Much of what is produced is used in the Russian Federation (and other countries of the former Soviet Union) and Asia and its use is increasing in some areas. In 2005, the World Health Organization estimated that approximately 125 million people worldwide were exposed to asbestos in their jobs, despite the known relationship it has with cancer and other lung diseases for more than 60 years.
Does asbestos cause cancer?
Researchers use two major types of studies to try to determine if a substance causes cancer.
- Studies in people: One type of study analyzes the rates of cancer in different groups of people. Such a study could compare the rate of cancer in a group exposed to a substance with the rate in a group not exposed to it, or compare this to the rate of cancer in the general population. However, it may be difficult to know what the results of the studies mean, as many other factors could affect outcomes.
- Laboratory studies : In laboratory studies, animals are exposed to a substance (often in very high doses) to see if it causes tumors or other health problems. Researchers could also expose normal cells on a lab plate to the substance to see if it causes the types of changes that are seen in cancer cells. It is not always clear whether the results of these types of studies will be applied to humans, but laboratory studies are a good way to find out if a substance can cause cancer.
In most cases no type of study provides sufficient evidence by itself. Therefore, researchers generally look at both human studies and laboratory studies when trying to find out if something causes cancer.
There is evidence from studies in both humans and laboratory animals that show that asbestos may increase the risk of developing certain types of cancer.
When asbestos fibers in the air are inhaled, they may stick to mucus in the throat, trachea, bronchi (upper respiratory tract of the lungs) and may be removed by coughing or swallowing. But some fibers reach the end of the small airways in the lungs, or penetrate the outer lining of the lung and chest wall ( pleura ). These fibers may irritate the lung cells or the pleura, which eventually causes lung cancer or mesothelioma.
Studies in people
Cancer of the lungs
Inhalation of asbestos fibers has been associated with an increased risk of lung cancer in many studies with workers exposed to asbestos. This increased risk has been seen with all forms of asbestos (there is no “safe” type of asbestos in relation to the risk of lung cancer). In general, the greater the exposure to asbestos, the greater the risk of lung cancer. Most cases of lung cancer among this group of people occur at least 15 years after the first exposure to asbestos.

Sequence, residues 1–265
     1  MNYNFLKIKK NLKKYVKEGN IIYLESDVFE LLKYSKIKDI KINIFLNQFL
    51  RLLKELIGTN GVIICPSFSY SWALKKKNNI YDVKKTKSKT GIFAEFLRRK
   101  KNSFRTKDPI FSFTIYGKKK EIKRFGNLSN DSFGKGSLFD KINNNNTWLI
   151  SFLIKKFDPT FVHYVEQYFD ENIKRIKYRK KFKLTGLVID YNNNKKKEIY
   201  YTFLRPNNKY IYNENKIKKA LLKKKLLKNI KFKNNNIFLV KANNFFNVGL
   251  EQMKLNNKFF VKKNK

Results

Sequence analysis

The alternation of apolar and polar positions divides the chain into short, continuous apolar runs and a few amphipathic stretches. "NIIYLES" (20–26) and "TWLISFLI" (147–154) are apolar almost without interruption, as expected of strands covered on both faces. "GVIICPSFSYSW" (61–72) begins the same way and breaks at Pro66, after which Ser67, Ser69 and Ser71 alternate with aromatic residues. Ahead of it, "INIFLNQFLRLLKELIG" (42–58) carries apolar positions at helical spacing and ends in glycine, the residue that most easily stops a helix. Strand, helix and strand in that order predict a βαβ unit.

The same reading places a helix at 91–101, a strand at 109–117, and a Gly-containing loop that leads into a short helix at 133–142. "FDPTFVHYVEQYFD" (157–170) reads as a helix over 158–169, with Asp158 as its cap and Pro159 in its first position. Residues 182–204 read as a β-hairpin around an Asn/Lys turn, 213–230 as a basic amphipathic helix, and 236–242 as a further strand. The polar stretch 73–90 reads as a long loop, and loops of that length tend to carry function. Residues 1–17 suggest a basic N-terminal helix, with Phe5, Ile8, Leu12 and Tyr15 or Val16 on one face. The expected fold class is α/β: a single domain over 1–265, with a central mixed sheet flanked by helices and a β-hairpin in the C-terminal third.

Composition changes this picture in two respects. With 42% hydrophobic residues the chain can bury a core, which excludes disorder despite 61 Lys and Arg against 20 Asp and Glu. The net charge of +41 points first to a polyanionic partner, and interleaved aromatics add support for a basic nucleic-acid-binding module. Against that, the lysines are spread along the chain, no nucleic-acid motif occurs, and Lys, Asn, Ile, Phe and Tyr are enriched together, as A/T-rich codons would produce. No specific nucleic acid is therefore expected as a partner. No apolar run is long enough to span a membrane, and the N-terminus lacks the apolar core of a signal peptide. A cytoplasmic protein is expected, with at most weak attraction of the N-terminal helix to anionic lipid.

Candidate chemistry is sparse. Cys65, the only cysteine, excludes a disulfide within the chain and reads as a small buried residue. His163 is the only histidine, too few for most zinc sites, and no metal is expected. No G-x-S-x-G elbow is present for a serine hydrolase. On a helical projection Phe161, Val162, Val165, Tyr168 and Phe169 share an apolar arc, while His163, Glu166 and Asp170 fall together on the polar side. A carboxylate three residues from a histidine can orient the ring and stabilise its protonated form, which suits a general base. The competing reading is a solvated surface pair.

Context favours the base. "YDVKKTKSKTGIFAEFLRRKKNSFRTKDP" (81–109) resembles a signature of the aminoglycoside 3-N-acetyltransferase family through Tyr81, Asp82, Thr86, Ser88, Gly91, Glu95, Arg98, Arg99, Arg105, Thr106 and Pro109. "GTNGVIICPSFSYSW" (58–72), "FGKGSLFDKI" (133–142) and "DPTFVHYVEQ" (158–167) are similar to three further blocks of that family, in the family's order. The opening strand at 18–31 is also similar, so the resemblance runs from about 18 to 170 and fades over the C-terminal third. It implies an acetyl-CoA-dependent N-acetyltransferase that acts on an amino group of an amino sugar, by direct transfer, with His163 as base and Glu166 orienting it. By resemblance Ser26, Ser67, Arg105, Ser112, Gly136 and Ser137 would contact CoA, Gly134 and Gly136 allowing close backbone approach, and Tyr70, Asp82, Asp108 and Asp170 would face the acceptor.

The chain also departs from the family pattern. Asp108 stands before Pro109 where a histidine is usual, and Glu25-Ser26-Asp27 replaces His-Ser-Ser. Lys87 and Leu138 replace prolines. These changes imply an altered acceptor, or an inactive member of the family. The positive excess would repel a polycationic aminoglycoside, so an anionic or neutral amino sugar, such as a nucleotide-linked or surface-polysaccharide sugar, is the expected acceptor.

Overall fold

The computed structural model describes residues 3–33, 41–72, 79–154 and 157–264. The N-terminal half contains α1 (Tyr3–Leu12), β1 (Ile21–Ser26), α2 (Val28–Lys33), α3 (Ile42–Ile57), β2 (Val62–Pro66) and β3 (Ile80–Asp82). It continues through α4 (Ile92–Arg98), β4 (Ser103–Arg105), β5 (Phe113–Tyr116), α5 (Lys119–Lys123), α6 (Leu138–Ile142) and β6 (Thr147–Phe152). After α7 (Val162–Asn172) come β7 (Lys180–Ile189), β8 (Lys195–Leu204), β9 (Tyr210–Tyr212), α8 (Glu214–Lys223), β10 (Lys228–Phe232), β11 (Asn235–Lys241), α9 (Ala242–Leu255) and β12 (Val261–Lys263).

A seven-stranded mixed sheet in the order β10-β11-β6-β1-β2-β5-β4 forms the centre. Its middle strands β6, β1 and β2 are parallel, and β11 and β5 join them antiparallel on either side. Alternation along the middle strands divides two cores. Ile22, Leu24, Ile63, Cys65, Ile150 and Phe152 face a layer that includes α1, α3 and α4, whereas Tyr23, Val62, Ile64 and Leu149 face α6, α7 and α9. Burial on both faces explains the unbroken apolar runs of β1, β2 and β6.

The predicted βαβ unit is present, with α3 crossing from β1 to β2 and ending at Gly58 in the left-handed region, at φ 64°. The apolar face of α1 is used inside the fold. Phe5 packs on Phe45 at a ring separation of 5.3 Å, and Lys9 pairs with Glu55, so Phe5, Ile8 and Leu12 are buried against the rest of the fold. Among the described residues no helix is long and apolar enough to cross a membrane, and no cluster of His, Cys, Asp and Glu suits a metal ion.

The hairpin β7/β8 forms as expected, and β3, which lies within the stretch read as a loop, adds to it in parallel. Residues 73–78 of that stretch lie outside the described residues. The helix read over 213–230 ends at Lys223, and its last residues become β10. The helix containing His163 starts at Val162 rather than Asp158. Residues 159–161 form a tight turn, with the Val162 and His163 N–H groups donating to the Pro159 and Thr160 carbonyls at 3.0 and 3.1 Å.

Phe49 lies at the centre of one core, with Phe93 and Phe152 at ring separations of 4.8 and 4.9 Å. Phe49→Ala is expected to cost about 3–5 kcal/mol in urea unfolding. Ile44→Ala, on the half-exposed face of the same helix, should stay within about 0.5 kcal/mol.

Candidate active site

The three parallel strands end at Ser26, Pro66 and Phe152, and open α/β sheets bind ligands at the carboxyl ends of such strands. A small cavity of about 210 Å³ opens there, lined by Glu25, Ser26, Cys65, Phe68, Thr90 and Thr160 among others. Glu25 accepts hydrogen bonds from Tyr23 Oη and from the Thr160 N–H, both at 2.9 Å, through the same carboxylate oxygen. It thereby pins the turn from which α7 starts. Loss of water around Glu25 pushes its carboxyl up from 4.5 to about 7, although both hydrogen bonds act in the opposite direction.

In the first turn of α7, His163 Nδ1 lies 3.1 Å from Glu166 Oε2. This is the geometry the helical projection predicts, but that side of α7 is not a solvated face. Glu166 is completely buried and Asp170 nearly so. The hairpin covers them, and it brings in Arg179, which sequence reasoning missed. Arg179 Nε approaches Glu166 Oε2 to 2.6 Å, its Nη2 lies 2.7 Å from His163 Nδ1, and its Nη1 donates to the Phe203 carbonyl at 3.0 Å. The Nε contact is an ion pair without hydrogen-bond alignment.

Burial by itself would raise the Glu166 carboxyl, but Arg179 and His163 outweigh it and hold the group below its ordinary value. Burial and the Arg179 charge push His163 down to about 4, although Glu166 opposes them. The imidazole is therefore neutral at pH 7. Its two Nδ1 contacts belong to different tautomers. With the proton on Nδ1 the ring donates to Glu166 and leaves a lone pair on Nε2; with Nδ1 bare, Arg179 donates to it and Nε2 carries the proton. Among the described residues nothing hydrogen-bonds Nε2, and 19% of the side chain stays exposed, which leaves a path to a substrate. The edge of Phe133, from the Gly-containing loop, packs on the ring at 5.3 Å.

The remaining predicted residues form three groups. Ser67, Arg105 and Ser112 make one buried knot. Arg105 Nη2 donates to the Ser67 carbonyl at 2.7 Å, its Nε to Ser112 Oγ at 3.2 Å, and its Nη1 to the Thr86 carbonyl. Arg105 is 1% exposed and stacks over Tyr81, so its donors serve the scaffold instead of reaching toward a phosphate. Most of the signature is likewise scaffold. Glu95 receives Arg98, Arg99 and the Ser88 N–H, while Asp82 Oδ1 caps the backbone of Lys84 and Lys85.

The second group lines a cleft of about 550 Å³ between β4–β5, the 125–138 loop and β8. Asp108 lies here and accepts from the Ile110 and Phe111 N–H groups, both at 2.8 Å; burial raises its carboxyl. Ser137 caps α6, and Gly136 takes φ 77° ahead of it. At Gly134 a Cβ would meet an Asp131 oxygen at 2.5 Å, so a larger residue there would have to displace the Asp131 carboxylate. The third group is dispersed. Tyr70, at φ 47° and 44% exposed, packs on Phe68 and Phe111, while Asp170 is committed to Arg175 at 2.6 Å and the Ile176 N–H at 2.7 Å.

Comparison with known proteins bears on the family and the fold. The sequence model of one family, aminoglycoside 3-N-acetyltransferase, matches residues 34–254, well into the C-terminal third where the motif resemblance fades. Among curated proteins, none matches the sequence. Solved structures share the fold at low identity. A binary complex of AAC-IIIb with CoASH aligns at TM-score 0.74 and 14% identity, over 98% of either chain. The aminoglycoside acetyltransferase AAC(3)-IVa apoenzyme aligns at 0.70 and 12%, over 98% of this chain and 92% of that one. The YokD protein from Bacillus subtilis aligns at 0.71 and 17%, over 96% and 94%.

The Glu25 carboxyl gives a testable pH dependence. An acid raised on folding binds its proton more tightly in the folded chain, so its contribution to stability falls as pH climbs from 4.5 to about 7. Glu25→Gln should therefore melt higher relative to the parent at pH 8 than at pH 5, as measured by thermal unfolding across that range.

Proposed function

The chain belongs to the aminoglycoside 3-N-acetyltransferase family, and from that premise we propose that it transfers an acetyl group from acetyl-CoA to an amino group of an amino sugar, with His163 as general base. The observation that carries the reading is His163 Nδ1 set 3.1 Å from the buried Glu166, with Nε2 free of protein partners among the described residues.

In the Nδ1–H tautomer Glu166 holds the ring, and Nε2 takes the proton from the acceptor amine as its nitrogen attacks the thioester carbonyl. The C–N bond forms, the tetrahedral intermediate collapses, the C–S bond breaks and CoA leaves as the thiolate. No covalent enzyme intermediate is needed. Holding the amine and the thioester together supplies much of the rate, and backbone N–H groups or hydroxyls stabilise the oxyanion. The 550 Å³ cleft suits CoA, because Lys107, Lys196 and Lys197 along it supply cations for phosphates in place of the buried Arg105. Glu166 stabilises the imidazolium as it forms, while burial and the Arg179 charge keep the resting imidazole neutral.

The risk of lung cancer is even greater in workers exposed to asbestos who also smoke than adding the risks of these exposures separately.
What is Mesothelioma
Mesothelioma is a rare type of cancer that in most cases affects the thin coatings of organs in the chest (pleura) and abdomen (peritoneum) regions.
Mesothelioma is closely linked with exposure to asbestos. All forms of asbestos have been associated with mesothelioma, although asbestos amphibole seems to cause this cancer to lower levels of exposure compared to chrysotile asbestos.
Most cases of mesothelioma are the result of exposure to asbestos at work. There is also an increased risk of mesothelioma among family members of workers and people living in neighborhoods near mines and asbestos factories. Although the risk of mesothelioma increases with the amount of asbestos exposure, there is no clear level of asbestos exposure that is safe in relation to the risk of mesothelioma.
Mesotheliomas usually take a long time to develop. The time between the initial exposure to asbestos and a diagnosis of mesothelioma is usually 30 years or more. Unfortunately, the risk of getting mesothelioma is not reduced after the initial exposure to asbestos. It seems that the risk is for life.
Unlike lung cancer, the risk of mesothelioma is not higher among smokers.
Other types of cancer
There are studies that also report a clear relationship between workplace exposure to asbestos with ovarian and laryngeal cancer . Its neccesary asbestos removal.
Some studies have also suggested that exposure to asbestos at work may be related to other types of cancer, including that of the pharynx (throat), stomach, colon and rectum. However, the relationship between these types of cancer and asbestos is not as determined as with the other types of cancer that are detailed in this content. For throat cancer, the relationship is stronger for the hypopharynx, the part of the throat closest to the larynx (sound box of the voice).
It is not clear exactly how asbestos could affect the risk of developing these cancers, but ingesting asbestos when swallowed could somehow contribute to the risk.
Tests using different rodent species, using several different methods of exposure, have confirmed that asbestos causes cancer in animals. All forms of asbestos have produced tumors in animals, but the size and shape of asbestos fibers influence the incidence of tumors. Smaller, straight fibers appear to be more dangerous, perhaps because they are more likely to reach the deeper parts of the lungs.
What is the opinion of the expert agencies on the subject?
Several national and international agencies study substances in the environment to determine if they can cause cancer. (A substance that causes cancer or encourages the growth of a tumor is said to be carcinogenic or a carcinogen.) The American Cancer Society consults with these organizations to evaluate risks that are based on evidence from animal laboratory studies, as well as studies with individuals.
Several expert agencies have evaluated the nature of asbestos as the cause of cancer based on animal and human tests, such as the examples mentioned above.